I this annoying axillary fat, don't know if it's breast tissue, but I want to know if I can have liposuction done to it.

Doctor Answers 8

Axillary Fat vs. Axillary Breast Tissue

Thank you for your question and the photos. The simple short answer is that accessory breast tissue is firmer and changes in fullness with your menstrual cycle along with your breast tissues while axillary fat doesn't change and remains softer. From the photos you provided, I believe you have axillary fat. The excess is easily removed with liposuction. I have performed many of these, both alone and combined with other breast surgeries. I have found that any liposuction modality will work well, even standard tumescent liposuction, and that the skin will contract the same over time. It's not like you are looking to "etch" or "increase definition" of your armpit. Most women want to remove the annoying fat that shows when you are wearing a sundress with spaghetti straps or no straps. The important factor is finding the right plastic surgeon to give you the results you are looking for. Best of luck!

Beverly Hills Plastic Surgeon
5.0 out of 5 stars 116 reviews

Axillary (armpit) tissue

This may be accessory breast tissue, especially if the size/tenderness fluctuates with your menstrual cycle.  There are numerous treatments for it depending on the stage (there is actually a classification system).  Mild tissue deposits may be amenable to liposuction; larger deposits with excess skin (most patients do want that excess skin resected) are treated with direct excision.  The scar can usually be placed in a natural skin crease.  Have you had a recent mammogram?

Regina M. Fearmonti, MD
San Antonio Plastic Surgeon
5.0 out of 5 stars 18 reviews

Axillary Fullness

This is a common problem among women and most find it very annoying. Fortunately it is easy to fix and it can be done in the office under local anesthesia very simply.  Most of the time simple liposuction will fully take care of it. Sometimes though, the surgery may require an excision of excess skin and underlying thicker breast tissue if liposuction can't remove it all.  You will need a consultation and examination to figure out the best approach. I hope this helps!Thomas Taylor, MD, FACSPasadena, CA

Thomas S. Taylor, MD, FACS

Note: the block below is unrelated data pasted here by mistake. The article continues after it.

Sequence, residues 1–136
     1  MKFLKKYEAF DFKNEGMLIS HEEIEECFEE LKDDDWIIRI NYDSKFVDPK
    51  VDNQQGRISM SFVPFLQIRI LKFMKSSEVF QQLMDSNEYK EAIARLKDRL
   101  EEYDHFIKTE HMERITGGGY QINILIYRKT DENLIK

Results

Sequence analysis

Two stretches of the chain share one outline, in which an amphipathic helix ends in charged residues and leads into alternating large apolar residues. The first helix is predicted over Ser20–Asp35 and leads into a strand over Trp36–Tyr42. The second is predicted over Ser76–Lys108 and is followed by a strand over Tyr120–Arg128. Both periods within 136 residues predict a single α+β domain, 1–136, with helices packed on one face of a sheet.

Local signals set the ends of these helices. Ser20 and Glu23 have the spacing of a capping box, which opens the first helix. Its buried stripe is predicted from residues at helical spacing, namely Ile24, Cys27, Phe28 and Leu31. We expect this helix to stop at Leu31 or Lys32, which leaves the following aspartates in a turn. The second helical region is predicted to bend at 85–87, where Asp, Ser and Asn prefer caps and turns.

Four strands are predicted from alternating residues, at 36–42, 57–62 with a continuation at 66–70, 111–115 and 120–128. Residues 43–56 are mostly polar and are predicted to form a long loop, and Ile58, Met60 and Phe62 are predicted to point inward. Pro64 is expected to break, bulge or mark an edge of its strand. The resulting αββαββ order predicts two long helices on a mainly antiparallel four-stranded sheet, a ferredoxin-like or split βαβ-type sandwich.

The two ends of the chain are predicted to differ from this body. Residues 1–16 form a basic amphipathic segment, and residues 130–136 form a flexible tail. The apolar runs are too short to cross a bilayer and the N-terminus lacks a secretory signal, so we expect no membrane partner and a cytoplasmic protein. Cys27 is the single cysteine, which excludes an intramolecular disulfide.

Pasadena Plastic Surgeon
5.0 out of 5 stars 10 reviews

Axillary fat is easy to liposuction and so worth it.

I think that liposuction your axillary fat is worth it and is easy under tum. local. You will be so glad you did.

David Hansen, MD
Beverly Hills Dermatologic Surgeon
4.7 out of 5 stars 43 reviews

VASER Hi Definition Liposuction / Body Contouring with Fat Grafting -- AXILLARY FAT

This area does very well with liposuction if it is not loose skin.  Please see an expert for a consultation, someone who is an expert in 4D HI DEFINITION contouring.  Best, Dr. Emer.

Jason Emer, MD
Los Angeles Dermatologic Surgeon
4.8 out of 5 stars 196 reviews

Axillary Fullness

Hello,You would need to be examined. If it is firm, it's not fat, and you would need an armpit incision that and direct excision of breast tissue. If it's soft, it's fat, and it can be liposuctioned.Bests of luck!

Gerald Minniti, MD, FACS
Beverly Hills Plastic Surgeon
4.9 out of 5 stars 90 reviews

Axillary breast tissue or fat

I have treated many of these with liposuction with amazing results.  It is almost all the time fat and can be removed with liposuction.  The procedure in my hand is 15 minutes and cost is around $800

Afshin Farzadmehr, MD
Los Angeles Dermatologic Surgeon
4.9 out of 5 stars 52 reviews

Axillary breast tissue

If it is axillary breast tissue, it may swell a little during your periods or when you were pregnant.  Either way, it may be possible to reduce it with liposuction, but there may be excess skin that needs to be removed.

Malcolm A. Lesavoy, MD
Beverly Hills Plastic Surgeon
3.9 out of 5 stars 11 reviews

These answers are for educational purposes and should not be relied upon as a substitute for medical advice you may receive from your physician. If you have a medical emergency, please call 911. These answers do not constitute or initiate a patient/doctor relationship.